Maybe there is a difference that isn’t stated: the difference between the problems we are actively experiencing, the difficulties that we are in the midst of the struggles, that we are still struggling with; and the ones we have seen through to the other side. And it doesn’t mean when one has finished, there isn’t another struggle right behind it but that one problem has come to an end.
Because when we have reached the end of one particular time of problems or struggles, we might be able to look back and see where we have grown. We might see that we have grown in patience, in character, in hope. We might see that there were lessons learned. It is easy then to take from Paul the prescription on how one should approach their struggles or hard times. But image while you’re in the midst of pain, maybe while you lay on the floor from a pain in your back, or from the midst of deep depression, and someone comes up to you and tells you this is character building, if you let it be. And then, not having the strength to get up and punch them in the nose.
But I don’t think Paul was all wrong. The struggles and problems we survive will change us and we get to decide if we are grow and become or if we’re Ms Havisham in Great Expectations–surrounded by the rotting and decaying world when she got trapped in her problems.
On the radio and Podcast show This American Life several years ago that told the story of a podcast called Dopey. Dopey started as a comedy podcast where two, sober, recovering addicts told the funny stories of when they had been on drugs, the wild things, the crazy thing, the chaotic things. When they started, it wasn’t supposed to be about recovery because recovery, while important to them, wasn’t funny. As time went on, those stories became harder for even them to hear and tell.
This American Life called the episode War Stories, they were the stories of people who had been there, been in it, and came out the other side. When they moved from actively using to struggling with their addition, there was endurance and character and hope. It was a hope that they proclaimed for those that they cared about to find life outside of addiction, to live. It was hope that came from the struggle, from being in it, a hope that understood sometimes things are hard and the hard things will come again, but there is still hope.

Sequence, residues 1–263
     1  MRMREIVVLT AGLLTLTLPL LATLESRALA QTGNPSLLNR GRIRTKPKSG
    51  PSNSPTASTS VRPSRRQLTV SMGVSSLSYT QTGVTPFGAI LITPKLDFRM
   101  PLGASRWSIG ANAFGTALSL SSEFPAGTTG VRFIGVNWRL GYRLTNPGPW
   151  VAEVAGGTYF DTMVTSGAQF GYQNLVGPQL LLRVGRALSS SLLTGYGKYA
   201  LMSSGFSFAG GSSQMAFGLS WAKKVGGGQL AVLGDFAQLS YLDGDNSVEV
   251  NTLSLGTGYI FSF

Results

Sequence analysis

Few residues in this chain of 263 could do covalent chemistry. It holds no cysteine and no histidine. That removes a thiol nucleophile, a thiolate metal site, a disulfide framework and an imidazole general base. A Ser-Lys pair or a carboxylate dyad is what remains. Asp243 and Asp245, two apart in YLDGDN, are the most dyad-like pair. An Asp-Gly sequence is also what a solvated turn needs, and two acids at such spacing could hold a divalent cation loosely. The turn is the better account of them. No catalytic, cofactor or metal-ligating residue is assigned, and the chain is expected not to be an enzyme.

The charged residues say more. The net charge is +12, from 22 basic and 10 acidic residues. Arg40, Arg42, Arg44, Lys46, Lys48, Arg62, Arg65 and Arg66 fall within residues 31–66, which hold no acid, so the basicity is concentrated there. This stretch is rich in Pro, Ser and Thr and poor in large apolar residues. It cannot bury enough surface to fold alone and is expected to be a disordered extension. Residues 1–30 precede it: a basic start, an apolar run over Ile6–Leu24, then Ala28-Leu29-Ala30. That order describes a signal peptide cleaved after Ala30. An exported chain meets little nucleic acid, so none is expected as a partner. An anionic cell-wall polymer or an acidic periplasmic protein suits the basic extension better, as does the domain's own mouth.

For Paul, boasting in our problems is boasting in the God who is present in the midst of and along side of us. Taking pride in our struggles is taking pride in the God who experienced life among us, struggled with powers of this world, and denied them the weapon of their power, death.
And it matters that God gave the covenant law to the Hebrew people to give them guidelines to live in community. And it matters that when Jesus live on this earth, he gathered around him close friends. It matters because when the struggles come, the thing that is the blessing is the community that knows, that walks along side us, that offers encouragement, presence, a meal, a place to stay, a hand. It’s the community that says: I don’t know exactly what you are going through, but I have gone through things. We will get through this. It is not boasting in our suffering but it is empathetic companionship and boasting in the God who journey’s with us.
It is then, in each other that we find the strength to get up and keep going, to ask for help, to make the call, to keep trying. It is in our own stories that we see where Paul was right: that struggle has made us patient, and that endurance has changed our character, and that in all that we have hope in the God we can take pride in.
And that is why we tell stories, not because we have some dramatic something to share but because we can offer one another hope, courage, community, and a reminder that God is with us always.